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Sleep Facts and Fiction: The Counting Sheep Myth and Others


July 3, 2014 | Published by

flock of sheep

When it comes to sleep advice, it’s important to know what works and what doesn’t. For example: did you know that counting sheep can actually make you less sleepy and more alert? Read on for better alternatives to counting sheep, and for more sleep facts and fiction.

1. If I don’t get enough sleep tonight, I can make it up later.

Sleep, unlike money, can’t be saved up and moved around when necessary (though how wonderful would that be?). Perhaps more valuable than money, sleep is essential for good health, daily energy and mental clarity. When you’re not sleeping well or enough (7-9 hours a night is ideal for adults), you accrue a ‘sleep debt’ that is quite difficult to pay back. Stuck in catch-up mode, your tired body and mind pay the price, leaving you feeling flat, groggy and mentally foggy.

2. Being tired during the day is caused by lack of sleep.

Are you sleeping 7-9 hours a night and still feeling tired during the day? Aside from dietary issues, there could be another problem causing your fatigue. Chronic and excessive daytime fatigue can stem from narcolepsy, sleep apnea, thyroid issues, adrenal hormone imbalance(s), and viruses, among others. Chances are the condition can be treated, so speak with your physician about options so you can start getting your energy back.

3. Conditions like diabetes, depression and hypertension have nothing to do with quality of sleep.

Poor sleep is linked to many health conditions, physical and mental. For example: lack of sleep is linked to inadequate hormone production; as the amount of hormones released decreases, the chance for weight gain increases. Your blood pressure is typically lower when you’re asleep. Poor sleep can cause higher blood pressure at night, which can lead to cardiovascular issues. It’s also been shown that poor sleep interferes with the body’s ability to manage and control blood sugar, which can lead to hypoglycemia and even diabetes.

4. The older you get, the less sleep you need.

As you get older you may notice you sleep less or find it harder to stay asleep, though your need for sleep (7-9 hours nightly) hasn’t changed. Since older people tend to sleep less at night, they tend to sleep more during the day. And this isn’t a bad thing; in fact, regular naps can be beneficial in promoting alertness and maintaining energy levels.

5. When you’re asleep, your brain turns off.

Your body is at rest during sleep, but your brain remains very active, even while resting. When you sleep, your mind drifts between two states: REM (the deepest, most relaxing sleep) and non-REM. REM sleep is also where dreams happen, breath and heart rates increase and fluctuate, and muscles relax. The brain is the conductor of all these activities, so needless to say it remains quite active while you’re snoozing away.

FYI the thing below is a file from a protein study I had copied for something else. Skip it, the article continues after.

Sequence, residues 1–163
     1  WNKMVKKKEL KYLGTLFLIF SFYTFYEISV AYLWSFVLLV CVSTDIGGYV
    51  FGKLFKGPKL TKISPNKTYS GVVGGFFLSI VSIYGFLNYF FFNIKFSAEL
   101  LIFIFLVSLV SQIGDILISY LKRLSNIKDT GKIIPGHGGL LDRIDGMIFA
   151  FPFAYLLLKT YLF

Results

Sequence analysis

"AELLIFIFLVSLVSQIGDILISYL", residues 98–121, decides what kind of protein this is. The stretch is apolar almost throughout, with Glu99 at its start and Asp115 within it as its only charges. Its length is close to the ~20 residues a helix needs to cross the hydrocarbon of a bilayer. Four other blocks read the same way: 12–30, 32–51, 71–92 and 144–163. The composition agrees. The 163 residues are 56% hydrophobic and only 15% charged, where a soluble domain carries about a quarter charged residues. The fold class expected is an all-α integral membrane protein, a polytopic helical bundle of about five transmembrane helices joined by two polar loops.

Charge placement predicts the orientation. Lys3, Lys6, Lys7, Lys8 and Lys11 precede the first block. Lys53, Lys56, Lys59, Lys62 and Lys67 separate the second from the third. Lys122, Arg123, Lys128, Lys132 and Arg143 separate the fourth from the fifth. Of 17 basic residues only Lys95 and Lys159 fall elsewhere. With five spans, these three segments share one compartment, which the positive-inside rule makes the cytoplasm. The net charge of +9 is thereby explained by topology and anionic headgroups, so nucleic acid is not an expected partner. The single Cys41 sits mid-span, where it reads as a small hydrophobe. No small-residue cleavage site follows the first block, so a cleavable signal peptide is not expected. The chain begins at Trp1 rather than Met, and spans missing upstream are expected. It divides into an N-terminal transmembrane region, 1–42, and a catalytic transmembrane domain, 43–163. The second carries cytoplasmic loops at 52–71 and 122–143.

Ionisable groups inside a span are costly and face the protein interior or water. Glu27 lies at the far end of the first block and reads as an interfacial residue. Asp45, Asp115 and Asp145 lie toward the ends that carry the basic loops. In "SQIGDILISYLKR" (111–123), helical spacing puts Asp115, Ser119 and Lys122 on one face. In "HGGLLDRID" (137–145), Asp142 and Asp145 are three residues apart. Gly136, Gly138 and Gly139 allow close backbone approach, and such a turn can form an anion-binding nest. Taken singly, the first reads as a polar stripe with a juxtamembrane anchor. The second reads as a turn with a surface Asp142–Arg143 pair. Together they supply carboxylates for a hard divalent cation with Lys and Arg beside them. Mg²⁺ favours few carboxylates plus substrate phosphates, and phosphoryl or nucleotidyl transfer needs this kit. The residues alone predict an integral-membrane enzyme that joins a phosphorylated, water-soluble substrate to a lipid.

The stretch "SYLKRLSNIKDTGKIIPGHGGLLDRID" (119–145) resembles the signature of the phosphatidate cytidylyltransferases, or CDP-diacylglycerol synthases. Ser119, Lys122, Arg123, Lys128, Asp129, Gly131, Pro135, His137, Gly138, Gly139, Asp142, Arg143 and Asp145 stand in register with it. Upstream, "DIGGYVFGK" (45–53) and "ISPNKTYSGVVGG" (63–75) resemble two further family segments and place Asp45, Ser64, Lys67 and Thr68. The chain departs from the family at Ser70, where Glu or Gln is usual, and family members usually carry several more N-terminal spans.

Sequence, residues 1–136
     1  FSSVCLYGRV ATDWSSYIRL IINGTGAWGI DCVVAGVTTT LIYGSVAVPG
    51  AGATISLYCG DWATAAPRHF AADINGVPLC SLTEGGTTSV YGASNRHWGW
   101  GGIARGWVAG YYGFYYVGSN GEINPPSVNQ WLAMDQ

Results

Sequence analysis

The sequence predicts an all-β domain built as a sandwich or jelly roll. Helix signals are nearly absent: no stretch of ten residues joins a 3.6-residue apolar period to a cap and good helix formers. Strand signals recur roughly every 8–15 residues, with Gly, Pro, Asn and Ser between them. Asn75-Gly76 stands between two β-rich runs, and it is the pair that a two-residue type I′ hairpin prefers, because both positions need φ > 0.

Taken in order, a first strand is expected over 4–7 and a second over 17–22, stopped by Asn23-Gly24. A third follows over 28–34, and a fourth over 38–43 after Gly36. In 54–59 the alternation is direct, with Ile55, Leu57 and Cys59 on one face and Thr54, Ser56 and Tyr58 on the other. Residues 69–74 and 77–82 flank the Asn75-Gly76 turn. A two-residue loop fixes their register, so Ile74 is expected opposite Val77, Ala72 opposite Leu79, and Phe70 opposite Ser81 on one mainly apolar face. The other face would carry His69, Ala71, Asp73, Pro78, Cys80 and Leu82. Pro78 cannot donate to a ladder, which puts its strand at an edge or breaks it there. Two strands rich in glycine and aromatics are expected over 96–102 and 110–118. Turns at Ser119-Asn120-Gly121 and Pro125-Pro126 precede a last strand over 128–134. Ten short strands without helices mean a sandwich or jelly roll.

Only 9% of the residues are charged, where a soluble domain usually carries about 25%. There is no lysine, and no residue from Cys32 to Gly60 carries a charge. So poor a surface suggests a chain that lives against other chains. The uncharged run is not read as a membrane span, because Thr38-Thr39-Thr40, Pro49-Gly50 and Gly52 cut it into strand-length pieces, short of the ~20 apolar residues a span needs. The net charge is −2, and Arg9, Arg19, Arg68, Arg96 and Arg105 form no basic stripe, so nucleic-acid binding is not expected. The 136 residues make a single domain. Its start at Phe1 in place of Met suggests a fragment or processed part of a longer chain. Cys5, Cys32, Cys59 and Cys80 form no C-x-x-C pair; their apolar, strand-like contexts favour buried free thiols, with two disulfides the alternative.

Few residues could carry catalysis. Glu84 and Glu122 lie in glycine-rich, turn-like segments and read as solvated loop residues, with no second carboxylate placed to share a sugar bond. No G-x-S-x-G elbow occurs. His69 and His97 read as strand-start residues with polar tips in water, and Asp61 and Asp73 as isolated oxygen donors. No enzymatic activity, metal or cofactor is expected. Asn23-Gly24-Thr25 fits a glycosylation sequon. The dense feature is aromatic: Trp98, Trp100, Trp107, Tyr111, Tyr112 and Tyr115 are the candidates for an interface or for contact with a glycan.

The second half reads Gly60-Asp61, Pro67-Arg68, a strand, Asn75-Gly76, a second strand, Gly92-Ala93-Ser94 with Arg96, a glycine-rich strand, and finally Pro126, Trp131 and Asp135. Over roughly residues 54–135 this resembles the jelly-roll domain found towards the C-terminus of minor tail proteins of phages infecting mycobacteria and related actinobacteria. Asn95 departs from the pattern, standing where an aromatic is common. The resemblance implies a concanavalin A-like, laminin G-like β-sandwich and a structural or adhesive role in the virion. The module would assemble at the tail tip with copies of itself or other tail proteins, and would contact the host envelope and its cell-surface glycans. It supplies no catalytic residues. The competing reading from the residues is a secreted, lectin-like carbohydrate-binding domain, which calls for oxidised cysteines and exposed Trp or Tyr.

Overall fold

6. If you can’t fall back asleep, lie in bed and count sheep.

It turns out that counting sheep and other such mental activities can be more distracting than relaxing. Instead, imagine a calm, peaceful scene. Regardless of your technique, most experts agree that if you fall back asleep within 20 minutes, try something else. Go to another room and do something relaxing, like reading or listening to soft music. Avoid watching the time; it can make you feel anxious and unable to rest.

7. Snoring isn’t harmful; it’s just an annoying habit of my significant other.

Sometimes snoring is just snoring, but it can be caused by something like sleep apnea, a condition that inhibits airflow while sleeping. This irregular breathing pattern lowers blood oxygen, which puts a strain on the heart. This is one way frequent and chronic snoring has been linked to hypertension. There are treatment options available for sleep apnea. If you or someone in your home snores regularly, speak to your physician about it.

8. Insomnia means you can’t fall asleep.

Though technically true, difficulty falling asleep is only one of four symptoms generally associated with insomnia. Symptoms also include frequent awakenings, inability to fall back asleep and waking up feeling unrested. When insomnia symptoms occur frequently or hamper your ability to function on a daily basis, it’s time to speak to a professional. Fortunately, the root cause of the insomnia can often be treated.

For more, visit the National Sleep Foundation website:

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  • Carol says:

    Does anybody proofread these writings? A careful reader of this blog would be turned away from the whole supplement line by the inaccuracy of the language in a simple blog (which nobody (?) is reading anyway?)

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